book review: the book thief

Title: The Book Thief

Author: Markus Zusak

Genre: Fiction (young adult)

Publishing date: 2005

Publisher’s summary: Trying to make sense of the horrors of World War II, Death relates the story of Liesel – a young German girl whose  book-stealing and story-telling talents help sustain her family and the Jewish man they are hiding, as well as their neighbors.

cover art for the book thief
The Book Thief, Markus Zusak


Favorite quotes:

“The only thing worse than a boy who hates you: a boy who loves you.”

“I am haunted by humans.”

“I have hated the words and I have love them. And I hope I have made them right.”

“Sometimes people are beautiful. Not in looks. Not in what they say. Just in what they are.”

Synopsis: Narrated by Death, The Book Thief tells the story of a small town outside Munich during World War II. In that town, there are families who love Jews and families who fear Hitler, all trying – above all else – to simply survive. Most closely, the story follows Liesel Meminger as she is dropped off with foster parents by her Polish mother. Liesel’s love of books becomes a focal point of the novel as she begins stealing them from around the town, making plenty of friends – and enemies – along the way.


Sometimes, I feel silly loving a young adult novel as much as I love The Book Thief, but then I remember how good it is and think, I don’t care. Every page of this book is dripping with tension, fear, and hope.

You don’t just fall in love with one character, you fall in love with every character. And not because every character is perfect and lovable, but because every character is flawed and human and multi-faceted and so uniquely well-crafted. More than any book I’ve read before, The Book Thief helps you begin to understand the unbearable fear the entire country lived in during this time, the severe pressure to align with the Nazi cause, and the many consequences of not doing so.

That the novel is narrated by Death only makes it all the more haunting. But Death is crafted as a compassionate, gentle collector of souls. I found the way that Death is portrayed to be so comforting, it shifted my entire perspective on dying. And his voice is quite unique, even poetic, making reading his words all the more enjoyable.

From start to finish, this book is powerful, terrifying, and relentless. It will break your heart, but I promise, it will be worth it.

Overall: 5 out of 5

Who should read this book: Anyone who loves a good book. Really, just anyone. This book is beautiful.

book review: the language of flowers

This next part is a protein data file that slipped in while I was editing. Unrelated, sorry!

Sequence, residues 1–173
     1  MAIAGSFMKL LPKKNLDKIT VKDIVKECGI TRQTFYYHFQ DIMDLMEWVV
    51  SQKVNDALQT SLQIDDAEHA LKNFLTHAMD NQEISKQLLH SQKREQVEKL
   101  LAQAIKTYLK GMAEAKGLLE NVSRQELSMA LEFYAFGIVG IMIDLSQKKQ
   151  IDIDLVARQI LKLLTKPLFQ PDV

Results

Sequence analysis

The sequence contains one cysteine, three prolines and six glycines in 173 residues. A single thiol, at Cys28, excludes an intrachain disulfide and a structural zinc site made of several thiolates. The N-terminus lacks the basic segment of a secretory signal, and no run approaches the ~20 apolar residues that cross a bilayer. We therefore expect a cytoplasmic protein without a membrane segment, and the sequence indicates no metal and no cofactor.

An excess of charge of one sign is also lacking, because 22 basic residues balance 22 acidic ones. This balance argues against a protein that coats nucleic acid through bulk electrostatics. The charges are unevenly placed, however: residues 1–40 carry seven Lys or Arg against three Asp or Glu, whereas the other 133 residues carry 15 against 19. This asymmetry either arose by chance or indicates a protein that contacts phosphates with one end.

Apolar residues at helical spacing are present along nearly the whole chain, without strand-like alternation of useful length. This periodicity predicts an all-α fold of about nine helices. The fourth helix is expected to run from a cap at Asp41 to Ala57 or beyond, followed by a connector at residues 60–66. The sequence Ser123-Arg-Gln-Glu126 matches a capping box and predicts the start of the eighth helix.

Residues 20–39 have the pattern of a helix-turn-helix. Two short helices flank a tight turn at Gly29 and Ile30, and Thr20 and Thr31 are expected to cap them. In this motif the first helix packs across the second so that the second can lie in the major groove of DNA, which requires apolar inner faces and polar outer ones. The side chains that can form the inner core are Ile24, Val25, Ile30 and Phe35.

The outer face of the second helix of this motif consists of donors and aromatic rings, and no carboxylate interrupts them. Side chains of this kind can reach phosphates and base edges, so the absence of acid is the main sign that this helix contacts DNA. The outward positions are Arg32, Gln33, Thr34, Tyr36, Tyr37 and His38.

Title: The Language of Flowers

Author: Vanessa Diffenbaugh

Genre: Fiction

Publishing date: 2011

Publisher’s summary: The story of a woman whose gift for flowers helps her change the lives of other even as she struggles to over come her own past.

book cover, the language of flowers
The Language of Flowers, Vanessa Diffenbaugh


Synopsis: As a girl, Victoria’s childhood is spent in and out of foster care and group homes. At 18, she’s finally freed and begins a life on her own with a simple goal of surviving. Isolated and angry, Victoria uses the only skill she has – a keen knowledge of flowers – to get a job at a florist. The story follows Victoria through her past and her present, revealing why she is incapable of love and watching as she struggles to overcome the mistakes that haunt her.

Opinion: The Language of Flowers is easy to read, captivating, and enjoyable. Despite her flaws, you’re rooting for Victoria with every turn of a page, hoping she’ll find the happiness that’s always evaded her.

I read this book across two very sleepless nights and found it a welcome respite from a more challenging book I’m trudging through slowly (The Luminaries, if you’re curious). What makes this book unique is its use of the meaning of flowers throughout to communicate emotions, messages, and sometimes healing. Diffenbaugh created her own Language of Flowers based on much research on classic flower dictionaries.

As a lover of flowers myself – thanks, Dad – I enjoyed seeing the often-surprising meanings associated with some of my favorites (hydrangea, jonquils, dogwood, lily of the valley). And watching how the interpretation and misinterpretation of those meanings greatly altered the lives of the characters in this book.

Although the language is not challenging and the writing not particularly beautiful or uniquely stylized, the plot is well drawn and Victoria’s feelings of desolation and turmoil are acutely expressed. As a reader, it is impossible not to sympathize with her.

Overall, 4 out 5.

Who should read this book: Anyone who loves flowers. Those trying to overcome their past. Anyone who feels incapable of letting others in. Those who sabotage their own relationships. Anyone who grew up in foster care. Those who enjoy reading an author’s first novel.

And anyone who cannot sleep and needs a break from a tough book.